Catastrophic desert formation in Daisyworld

M A Clark, T M Lenton, Graeme Ackland

Research output: Contribution to journalArticlepeer-review

Abstract / Description of output

Feedback between life and its environment is ubiquitous but the strength of coupling and its global implications remain hotly debated. Abrupt changes in the abundance of life for small changes in forcing provide one indicator of regulation, for example, when vegetation-climate feedback collapses in the formation of a desert. Here we use a two-dimensional "Daisyworld" model with curvature to show that catastrophic collapse of life under gradual forcing provides a testable indicator of environmental feedback. When solar luminosity increases to a critical value, a desert forms across a wide band of the planet. The scale of collapse depends on the strength of feedback. The efficiency of temperature regulation is limited by mutation rate in an analogous manner to the limitation of adaptive fitness in evolutionary theories. The final state of the system emerging from single-site rules can be described by two global quantities: optimization of temperature regulation and maximization of diversity, which are mathematically analogous to energy and entropy in thermodynamics. (C) 2003 Elsevier Science Ltd. All rights reserved.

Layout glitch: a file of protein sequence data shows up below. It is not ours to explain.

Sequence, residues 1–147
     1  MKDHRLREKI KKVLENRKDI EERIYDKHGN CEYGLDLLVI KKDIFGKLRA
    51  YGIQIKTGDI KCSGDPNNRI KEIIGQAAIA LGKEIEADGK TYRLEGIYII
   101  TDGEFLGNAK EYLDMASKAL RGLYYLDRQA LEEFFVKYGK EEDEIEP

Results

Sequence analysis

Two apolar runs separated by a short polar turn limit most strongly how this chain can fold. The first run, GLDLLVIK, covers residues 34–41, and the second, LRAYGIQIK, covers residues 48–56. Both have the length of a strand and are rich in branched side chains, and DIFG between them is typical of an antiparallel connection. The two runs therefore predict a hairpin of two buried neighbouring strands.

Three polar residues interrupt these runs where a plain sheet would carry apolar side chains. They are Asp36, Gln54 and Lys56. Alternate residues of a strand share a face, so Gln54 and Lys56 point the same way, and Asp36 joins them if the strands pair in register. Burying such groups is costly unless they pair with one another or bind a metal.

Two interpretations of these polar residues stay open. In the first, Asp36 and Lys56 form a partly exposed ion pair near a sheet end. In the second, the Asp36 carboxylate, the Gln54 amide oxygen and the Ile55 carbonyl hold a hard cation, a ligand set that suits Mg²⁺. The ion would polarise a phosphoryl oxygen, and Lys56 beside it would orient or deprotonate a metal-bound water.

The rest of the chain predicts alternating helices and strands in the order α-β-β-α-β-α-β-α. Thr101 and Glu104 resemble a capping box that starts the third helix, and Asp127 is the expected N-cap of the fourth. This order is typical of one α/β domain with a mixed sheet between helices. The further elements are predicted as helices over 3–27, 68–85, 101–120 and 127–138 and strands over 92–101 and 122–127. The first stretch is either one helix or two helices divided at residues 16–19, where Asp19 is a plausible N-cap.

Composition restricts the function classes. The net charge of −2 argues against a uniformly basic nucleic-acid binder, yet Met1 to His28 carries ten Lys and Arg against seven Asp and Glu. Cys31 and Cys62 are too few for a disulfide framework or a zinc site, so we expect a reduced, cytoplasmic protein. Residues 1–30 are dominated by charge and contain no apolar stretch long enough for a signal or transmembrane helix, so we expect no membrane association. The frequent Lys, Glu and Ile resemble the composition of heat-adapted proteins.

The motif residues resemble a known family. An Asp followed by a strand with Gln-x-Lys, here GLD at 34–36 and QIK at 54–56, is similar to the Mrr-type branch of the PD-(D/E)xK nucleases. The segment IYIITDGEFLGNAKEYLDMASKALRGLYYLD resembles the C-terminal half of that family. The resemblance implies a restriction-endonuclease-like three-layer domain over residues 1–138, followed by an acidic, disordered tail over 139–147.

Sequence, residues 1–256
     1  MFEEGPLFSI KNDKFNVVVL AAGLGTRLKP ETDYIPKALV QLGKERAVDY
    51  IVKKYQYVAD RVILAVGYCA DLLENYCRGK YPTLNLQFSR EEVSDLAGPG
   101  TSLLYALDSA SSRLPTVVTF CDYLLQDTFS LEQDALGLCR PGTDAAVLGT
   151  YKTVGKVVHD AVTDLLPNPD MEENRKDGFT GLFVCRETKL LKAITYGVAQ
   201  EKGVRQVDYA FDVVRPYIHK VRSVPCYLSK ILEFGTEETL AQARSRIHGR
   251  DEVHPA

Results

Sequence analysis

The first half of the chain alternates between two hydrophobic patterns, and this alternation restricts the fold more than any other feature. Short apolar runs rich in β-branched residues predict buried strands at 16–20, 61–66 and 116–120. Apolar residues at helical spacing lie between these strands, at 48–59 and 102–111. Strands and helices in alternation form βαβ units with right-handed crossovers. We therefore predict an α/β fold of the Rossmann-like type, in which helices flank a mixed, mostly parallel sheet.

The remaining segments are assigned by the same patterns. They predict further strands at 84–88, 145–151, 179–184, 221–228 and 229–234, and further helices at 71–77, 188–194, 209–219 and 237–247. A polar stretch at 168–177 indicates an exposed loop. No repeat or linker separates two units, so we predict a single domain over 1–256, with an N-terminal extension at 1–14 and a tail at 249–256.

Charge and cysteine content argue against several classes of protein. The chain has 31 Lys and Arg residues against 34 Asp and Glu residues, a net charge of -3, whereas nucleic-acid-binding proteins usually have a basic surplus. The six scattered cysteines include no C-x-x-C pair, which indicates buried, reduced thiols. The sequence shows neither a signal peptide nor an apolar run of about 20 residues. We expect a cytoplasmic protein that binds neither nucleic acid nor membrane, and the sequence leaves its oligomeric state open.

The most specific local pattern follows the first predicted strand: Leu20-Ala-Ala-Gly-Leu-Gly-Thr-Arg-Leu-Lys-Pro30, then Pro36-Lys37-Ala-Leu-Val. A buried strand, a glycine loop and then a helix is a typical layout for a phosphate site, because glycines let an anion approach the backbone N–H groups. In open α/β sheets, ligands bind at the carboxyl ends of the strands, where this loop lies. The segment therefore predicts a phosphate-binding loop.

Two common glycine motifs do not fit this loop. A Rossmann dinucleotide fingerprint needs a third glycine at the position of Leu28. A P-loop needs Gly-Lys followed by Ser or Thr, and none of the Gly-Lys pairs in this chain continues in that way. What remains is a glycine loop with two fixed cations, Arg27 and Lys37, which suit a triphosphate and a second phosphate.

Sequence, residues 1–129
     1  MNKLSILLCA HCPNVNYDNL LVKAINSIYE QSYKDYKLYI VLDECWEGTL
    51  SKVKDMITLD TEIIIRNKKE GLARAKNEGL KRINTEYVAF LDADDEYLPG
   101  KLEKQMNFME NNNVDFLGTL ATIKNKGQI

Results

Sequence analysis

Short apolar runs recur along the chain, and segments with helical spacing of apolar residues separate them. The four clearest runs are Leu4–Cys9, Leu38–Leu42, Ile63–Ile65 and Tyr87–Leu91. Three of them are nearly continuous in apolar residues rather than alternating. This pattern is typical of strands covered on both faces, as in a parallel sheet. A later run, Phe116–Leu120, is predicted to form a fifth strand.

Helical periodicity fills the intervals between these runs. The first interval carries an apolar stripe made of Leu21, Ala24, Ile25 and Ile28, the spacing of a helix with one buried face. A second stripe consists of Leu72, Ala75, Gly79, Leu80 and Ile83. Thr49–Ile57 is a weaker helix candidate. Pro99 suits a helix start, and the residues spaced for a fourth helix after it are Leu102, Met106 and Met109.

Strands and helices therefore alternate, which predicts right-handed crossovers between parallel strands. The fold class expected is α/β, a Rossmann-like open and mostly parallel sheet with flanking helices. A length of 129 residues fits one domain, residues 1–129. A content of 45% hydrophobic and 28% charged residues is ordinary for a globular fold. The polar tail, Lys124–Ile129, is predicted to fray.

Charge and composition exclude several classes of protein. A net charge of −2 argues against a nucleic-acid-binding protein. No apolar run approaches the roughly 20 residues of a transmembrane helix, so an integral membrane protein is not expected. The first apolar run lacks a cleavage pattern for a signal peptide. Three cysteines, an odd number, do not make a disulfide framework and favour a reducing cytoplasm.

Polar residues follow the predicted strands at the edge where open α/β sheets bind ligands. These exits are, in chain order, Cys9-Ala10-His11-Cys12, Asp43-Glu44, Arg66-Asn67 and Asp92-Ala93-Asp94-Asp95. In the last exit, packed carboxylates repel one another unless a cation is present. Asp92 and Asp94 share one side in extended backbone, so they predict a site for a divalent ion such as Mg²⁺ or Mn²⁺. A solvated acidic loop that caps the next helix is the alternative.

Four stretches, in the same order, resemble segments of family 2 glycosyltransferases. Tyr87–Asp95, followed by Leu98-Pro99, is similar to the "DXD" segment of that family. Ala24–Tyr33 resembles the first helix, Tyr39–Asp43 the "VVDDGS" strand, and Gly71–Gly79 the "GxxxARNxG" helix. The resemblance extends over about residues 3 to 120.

Original languageEnglish
Pages (from-to)39-44
Number of pages6
JournalJournal of Theoretical Biology
Issue number1
Publication statusPublished - 7 Jul 2003

Keywords / Materials (for Non-textual outputs)

  • ecology
  • entropy
  • desert
  • Daisyworld
  • feedback
  • Gaia


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